Drug dealers in the north-east have been warned there is “nowhere to hide” after police seized millions of pounds from organised crime gangs.
In just eight months, officers in Aberdeenshire and Moray snatched back more than £2.7million from organised criminals operating in the region.
Last night, detectives hailed the success of Operation Banook – which targets dealers who bring “chaos” to local communities – for the proceeds of crime tally.
And they insisted that the increase in drugs offences recorded was also a result of the crackdown, which has involved officers raiding homes in Peterhead, Fraserburgh and Elgin.
Between April and December, the number of drug dealers caught doubled to 138, up from 89 in the same period in 2014.
The number of people caught in possession of substances also rose significantly.
Anti-drug campaigners and youth workers, who have spoken about the devastation caused by drug gangs, welcomed the figure last night.
The new serious organised crime and drugs figures will be presented to local councillors next week in a report which gives a commitment to focus manpower on crooks who “target the most vulnerable in our community”.
Detective Sergeant Sam Buchan said that thanks to police work and tip-offs from local communities, there is nowhere for drug dealers to hide.
“Supply of drugs and possession may be up, however the drugs trade has not expanded – these figures reveal quite the opposite,” he said.
“It demonstrates the success we are achieving as a result of Operation Banook, and the good intelligence we are acting on.
“Officers are catching more criminals, we are recovering more illegal substances than ever and we will continue to take action against the supply of drugs and organised crime in the north-east.
“There will be no let-up in our pursuit.”
Operation Banook was launched in October after growing concerns from the local community about drug use, drug dealing and violence in the Peterhead and Fraserburgh areas.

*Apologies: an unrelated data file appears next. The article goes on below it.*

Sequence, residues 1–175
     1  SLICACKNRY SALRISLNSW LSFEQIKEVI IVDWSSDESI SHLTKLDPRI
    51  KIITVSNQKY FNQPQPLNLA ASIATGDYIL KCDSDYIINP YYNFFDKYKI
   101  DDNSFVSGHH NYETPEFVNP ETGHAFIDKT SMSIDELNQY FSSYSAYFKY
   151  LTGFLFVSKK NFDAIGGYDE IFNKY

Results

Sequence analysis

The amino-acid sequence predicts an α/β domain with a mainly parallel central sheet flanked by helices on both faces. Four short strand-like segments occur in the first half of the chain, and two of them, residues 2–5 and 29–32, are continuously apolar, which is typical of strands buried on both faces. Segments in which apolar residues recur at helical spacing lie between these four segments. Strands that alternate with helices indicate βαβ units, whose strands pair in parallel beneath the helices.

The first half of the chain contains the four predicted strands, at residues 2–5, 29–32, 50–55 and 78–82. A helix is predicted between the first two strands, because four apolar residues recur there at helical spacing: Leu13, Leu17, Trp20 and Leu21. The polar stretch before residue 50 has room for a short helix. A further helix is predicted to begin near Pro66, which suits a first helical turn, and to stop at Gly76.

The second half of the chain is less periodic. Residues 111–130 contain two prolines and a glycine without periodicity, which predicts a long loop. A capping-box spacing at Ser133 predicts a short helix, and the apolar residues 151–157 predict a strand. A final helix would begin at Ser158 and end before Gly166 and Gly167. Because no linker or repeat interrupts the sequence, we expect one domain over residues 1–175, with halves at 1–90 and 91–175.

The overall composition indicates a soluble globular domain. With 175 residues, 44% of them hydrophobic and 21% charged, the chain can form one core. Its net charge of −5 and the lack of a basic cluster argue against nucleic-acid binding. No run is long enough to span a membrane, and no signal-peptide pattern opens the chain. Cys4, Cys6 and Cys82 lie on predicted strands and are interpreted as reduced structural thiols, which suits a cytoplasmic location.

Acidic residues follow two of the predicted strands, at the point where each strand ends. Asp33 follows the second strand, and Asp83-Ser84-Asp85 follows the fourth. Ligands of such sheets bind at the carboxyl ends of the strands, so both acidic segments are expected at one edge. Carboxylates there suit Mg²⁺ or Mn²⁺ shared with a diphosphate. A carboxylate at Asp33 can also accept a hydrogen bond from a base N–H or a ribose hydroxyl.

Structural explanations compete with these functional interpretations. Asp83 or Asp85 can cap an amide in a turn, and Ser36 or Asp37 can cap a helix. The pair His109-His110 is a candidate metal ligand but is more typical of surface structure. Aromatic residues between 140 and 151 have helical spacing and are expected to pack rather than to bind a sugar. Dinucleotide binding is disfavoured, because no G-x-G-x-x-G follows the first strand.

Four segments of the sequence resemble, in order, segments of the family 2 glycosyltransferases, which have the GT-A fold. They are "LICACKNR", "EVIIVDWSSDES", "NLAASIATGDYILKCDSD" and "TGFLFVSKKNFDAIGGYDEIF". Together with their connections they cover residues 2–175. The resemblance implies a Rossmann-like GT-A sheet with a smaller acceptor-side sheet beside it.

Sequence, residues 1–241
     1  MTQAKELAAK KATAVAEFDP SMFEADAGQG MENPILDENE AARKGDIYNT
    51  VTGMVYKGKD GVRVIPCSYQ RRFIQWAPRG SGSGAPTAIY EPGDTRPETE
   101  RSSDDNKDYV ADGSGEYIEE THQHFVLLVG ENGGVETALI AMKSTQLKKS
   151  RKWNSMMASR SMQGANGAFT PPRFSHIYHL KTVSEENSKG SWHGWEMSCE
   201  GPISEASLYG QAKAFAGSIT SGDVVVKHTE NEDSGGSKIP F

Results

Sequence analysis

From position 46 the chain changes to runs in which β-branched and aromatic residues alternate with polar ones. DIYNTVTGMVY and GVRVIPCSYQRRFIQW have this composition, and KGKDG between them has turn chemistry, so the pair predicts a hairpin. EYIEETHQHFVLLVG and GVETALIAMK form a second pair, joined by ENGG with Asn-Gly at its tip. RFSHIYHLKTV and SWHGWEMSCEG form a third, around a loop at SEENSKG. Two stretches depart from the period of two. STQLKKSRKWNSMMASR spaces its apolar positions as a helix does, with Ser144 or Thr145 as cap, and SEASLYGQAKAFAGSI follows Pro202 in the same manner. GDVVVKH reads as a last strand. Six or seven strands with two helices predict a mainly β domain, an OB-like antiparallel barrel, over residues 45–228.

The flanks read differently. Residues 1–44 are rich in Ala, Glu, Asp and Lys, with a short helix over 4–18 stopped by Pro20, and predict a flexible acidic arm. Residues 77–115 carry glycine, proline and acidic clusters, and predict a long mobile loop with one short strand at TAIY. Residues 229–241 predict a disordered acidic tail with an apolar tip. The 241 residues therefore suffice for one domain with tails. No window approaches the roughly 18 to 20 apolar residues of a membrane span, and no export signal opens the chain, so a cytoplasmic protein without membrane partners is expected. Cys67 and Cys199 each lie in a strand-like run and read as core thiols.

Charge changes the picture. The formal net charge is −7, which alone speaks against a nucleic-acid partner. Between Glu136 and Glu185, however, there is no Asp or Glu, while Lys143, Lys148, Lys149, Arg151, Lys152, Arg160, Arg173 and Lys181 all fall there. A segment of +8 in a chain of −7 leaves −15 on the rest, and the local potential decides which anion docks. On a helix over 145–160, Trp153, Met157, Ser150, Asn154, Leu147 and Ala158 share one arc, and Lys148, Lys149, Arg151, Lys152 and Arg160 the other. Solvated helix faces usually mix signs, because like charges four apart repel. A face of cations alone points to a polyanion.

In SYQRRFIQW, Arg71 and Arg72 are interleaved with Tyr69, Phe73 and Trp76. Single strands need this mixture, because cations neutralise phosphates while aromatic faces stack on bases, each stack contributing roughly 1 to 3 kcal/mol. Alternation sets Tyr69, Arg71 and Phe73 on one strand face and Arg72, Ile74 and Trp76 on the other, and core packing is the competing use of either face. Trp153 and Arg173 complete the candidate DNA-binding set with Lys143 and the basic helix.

Officers have also cracked down on the supply of hard drugs such as heroin, cocaine and crack cocaine in other areas of Aberdeenshire including Inverurie as well as Moray.
Between 2014 and 2015 the number of drug supply offences rose by 55%, from 89 to 138.
In the same reporting period – April to December – the number of drug possession charges also rose to 447, up from 369 the previous year.
Chief Inspector Elaine Logue, area commander for Aberdeenshire North, said that officers rely on information from the community – the very people drug crime affects – to tackle drug crime.
She said: “Drug crime blights communities and destroys lives, and we will continue to tackle this is a priority.”
“It is clear no one wants it on their doorstep, and we will act on any information and suspicious activity provided to us.”
And Chief Inspector Stewart Mackie, area commander for Moray, added: “Our aim is to make Moray a hostile environment for those involved in the sale and supply of controlled drugs.
“Drugs affect all communities in some way, from those suffering the effects of addiction through their families and the wider community, to anti-social behaviour and acquisitive crime.”
Ch Insp Mackie echoed the comments of his Aberdeenshire counterpart and urged members of the public to contact the force with any information about the supply of drugs.
Police chiefs will present the findings of their report to members of Aberdeenshire Council’s policy and resources committee on Thursday.